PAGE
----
Elon Musk was asked what he'd tell his kids about choosing a career in the era of AI. His answer revealed he sometimes struggles with self-doubt and motivation.

·3 min read
Elon Musk was asked what he'd tell his kids about choosing a career in the era of AI. His answer revealed he sometimes struggles with self-doubt and motivation.
Elon Musk.
Elon Musk was asked about career advice in the age of AI.Michael Gonzalez/Getty Images
  • Elon Musk was asked in a CNBC interview how he would advise his kids on careers in the AI age.

  • Musk said finding fulfillment can be difficult "if the AI can do your job better than you can."

  • As many companies develop AI, Musk has repeatedly expressed concern about the technology.

Elon Musk expressed concern about AI technology and reflected on his own self-doubt and motivation when faced with the technology's capabilities, in an interview Tuesday night with CNBC's David Faber.

At the end of the hour-long interview, the Tesla CEO was asked how he would advise his kids on pursuing valuable career paths, given the rapid developments of AI technology.

After a noticeable pause, Musk, who has nine known kids, said: "Well, that is a tough question to answer, I guess I would just say to follow their heart in terms of what they find interesting to do or fulfilling to do, and try to be as useful as possible to the rest of society."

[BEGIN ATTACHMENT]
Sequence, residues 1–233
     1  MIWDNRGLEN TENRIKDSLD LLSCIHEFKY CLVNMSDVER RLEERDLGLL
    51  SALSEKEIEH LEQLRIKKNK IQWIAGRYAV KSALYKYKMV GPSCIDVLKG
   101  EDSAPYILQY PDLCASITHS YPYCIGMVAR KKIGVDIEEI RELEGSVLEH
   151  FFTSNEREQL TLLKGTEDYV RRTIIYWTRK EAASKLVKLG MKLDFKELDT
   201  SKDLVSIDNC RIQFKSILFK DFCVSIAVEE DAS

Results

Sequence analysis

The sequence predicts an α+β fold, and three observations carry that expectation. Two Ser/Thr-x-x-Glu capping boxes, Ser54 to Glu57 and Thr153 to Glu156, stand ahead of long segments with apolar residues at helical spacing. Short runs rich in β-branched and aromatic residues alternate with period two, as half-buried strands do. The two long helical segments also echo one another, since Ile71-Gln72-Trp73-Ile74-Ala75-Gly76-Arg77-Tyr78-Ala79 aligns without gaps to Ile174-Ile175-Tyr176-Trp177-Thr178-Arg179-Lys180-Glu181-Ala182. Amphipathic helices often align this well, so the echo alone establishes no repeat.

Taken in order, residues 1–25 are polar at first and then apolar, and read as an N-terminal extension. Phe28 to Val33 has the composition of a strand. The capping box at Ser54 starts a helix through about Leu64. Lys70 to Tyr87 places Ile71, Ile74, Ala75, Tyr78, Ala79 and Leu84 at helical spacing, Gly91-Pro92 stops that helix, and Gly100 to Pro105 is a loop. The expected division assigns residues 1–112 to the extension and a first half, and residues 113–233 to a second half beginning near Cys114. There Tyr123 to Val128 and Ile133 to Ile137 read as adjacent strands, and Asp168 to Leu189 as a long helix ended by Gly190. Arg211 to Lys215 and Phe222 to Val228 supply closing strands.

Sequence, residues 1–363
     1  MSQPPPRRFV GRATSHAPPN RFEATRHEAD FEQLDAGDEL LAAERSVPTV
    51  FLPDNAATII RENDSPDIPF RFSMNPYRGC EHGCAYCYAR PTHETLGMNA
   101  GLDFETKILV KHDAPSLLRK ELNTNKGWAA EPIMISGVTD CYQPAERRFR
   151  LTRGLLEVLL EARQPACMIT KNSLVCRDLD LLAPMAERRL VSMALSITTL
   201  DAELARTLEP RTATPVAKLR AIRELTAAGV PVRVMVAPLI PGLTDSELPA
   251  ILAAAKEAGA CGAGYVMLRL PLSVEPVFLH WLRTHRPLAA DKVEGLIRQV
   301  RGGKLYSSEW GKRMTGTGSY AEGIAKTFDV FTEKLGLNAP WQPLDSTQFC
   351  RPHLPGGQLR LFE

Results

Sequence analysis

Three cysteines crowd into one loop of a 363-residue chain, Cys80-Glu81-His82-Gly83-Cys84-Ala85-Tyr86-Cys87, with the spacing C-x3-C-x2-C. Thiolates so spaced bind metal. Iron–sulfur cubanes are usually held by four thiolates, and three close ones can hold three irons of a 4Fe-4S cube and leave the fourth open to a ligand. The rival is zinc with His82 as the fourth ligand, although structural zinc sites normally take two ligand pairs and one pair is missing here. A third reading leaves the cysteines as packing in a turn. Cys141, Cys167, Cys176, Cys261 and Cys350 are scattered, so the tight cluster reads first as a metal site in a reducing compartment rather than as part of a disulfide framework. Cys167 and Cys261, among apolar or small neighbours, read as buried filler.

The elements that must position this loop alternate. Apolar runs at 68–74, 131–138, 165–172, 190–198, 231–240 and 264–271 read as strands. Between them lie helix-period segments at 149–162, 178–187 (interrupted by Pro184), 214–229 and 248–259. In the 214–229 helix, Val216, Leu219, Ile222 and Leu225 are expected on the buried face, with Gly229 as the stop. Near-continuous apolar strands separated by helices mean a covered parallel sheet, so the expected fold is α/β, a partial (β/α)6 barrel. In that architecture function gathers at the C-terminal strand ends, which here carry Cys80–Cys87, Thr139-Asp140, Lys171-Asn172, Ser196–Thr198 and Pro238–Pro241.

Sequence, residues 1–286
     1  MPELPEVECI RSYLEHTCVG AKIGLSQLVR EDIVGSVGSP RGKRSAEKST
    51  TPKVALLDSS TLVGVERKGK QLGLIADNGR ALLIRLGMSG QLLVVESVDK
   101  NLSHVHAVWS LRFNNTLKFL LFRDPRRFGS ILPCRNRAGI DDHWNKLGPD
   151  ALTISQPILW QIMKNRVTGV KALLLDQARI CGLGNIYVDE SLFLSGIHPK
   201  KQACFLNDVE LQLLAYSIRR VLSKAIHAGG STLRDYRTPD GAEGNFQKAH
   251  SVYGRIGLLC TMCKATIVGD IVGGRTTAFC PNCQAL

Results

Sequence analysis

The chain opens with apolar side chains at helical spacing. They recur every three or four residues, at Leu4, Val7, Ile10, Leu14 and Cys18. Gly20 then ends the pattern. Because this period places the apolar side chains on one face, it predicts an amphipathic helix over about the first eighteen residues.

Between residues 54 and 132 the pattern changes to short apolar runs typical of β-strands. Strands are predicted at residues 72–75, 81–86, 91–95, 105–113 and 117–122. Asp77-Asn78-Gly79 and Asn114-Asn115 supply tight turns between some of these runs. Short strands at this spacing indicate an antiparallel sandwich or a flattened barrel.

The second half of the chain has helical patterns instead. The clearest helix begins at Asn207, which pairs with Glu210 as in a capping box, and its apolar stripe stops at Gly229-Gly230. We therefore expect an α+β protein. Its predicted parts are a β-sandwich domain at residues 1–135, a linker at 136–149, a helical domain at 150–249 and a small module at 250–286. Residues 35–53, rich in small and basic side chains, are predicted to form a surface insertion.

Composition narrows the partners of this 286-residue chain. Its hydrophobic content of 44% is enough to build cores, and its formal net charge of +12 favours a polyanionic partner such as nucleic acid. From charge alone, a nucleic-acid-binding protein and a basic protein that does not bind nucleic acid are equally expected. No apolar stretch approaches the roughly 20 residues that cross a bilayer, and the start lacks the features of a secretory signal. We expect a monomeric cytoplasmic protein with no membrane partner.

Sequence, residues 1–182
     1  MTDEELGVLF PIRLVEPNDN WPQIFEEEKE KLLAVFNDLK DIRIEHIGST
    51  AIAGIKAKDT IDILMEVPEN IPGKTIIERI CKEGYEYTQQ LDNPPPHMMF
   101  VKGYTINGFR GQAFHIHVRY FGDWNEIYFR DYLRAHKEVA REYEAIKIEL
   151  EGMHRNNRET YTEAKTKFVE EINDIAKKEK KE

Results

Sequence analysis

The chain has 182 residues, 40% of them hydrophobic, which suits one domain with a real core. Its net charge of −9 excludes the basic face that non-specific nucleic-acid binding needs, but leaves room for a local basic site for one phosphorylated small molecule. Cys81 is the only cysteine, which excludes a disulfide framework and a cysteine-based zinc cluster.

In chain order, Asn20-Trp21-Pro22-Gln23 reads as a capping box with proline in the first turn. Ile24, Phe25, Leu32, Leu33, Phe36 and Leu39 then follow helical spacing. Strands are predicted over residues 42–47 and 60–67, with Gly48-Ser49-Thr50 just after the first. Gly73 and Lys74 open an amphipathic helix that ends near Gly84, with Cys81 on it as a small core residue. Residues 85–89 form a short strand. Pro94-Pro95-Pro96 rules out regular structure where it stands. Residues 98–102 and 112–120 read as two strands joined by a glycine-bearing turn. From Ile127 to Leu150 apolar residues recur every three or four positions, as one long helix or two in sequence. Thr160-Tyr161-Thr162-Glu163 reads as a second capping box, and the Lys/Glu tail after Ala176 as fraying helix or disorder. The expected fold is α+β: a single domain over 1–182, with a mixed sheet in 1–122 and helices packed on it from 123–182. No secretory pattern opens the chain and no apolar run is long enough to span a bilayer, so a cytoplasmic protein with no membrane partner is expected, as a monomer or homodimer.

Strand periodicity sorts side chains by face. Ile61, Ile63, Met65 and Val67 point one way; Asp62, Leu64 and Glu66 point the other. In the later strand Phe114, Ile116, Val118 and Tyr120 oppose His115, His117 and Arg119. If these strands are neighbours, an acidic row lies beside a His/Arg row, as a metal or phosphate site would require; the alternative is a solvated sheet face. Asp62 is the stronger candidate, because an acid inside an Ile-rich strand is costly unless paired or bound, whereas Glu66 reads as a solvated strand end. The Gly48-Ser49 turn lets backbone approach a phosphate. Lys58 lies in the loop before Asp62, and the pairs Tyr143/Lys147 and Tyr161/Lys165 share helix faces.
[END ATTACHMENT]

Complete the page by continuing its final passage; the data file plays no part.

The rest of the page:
Musk said it can be difficult to find fulfillment and meaning in life "if the AI can do your job better than you can."

That would mean AI had advanced to a "magic genie" level, Musk said, meaning you could ask it for anything.

"If I think about it too hard, it frankly can be dispiriting and demotivating, because I've put a lot of blood, sweat and tears into building companies," Musk added.

Musk went on to express that he sometimes experiences self-doubt about whether he should be sacrificing time away from friends and family when faced with the likelihood that AI will eventually be more capable at many tasks than humans.

"Then I'm like 'Should I be doing this?' because if I'm sacrificing time with friends and family, but then ultimately the AI can do all these things. Does that make sense? I don't know," Musk told CNBC.

"To some extent, I have to have a deliberate suspension of disbelief in order to remain motivated," Musk added.

As AI technologies, including OpenAI's ChatGPT, have gained great traction with the public, Musk has repeatedly expressed concern about the technology — though he has recently been recruiting and building an AI project, Insider previously reported. Musk was an early investor and cofounder in OpenAI, but he is no longer involved with the company.

Last month, Musk said AI was "a danger to the public" and stressed a need for government oversight, during an interview with Tucker Carlson. Musk's response reflected similar concerns workers and lawmakers have about the technology. OpenAI CEO Sam Altman met with Congress Tuesday where he said the government should designate an agency to oversee AI developments.

Ultimately, Musk advised his kids, and by extension people entering the workforce, to pursue work that will be useful to humanity.

"I would say work on things you find interesting, fulfilling, and contribute some good to the rest of society," Musk said.

Musk did not respond to Insider's request for comment ahead of publication.

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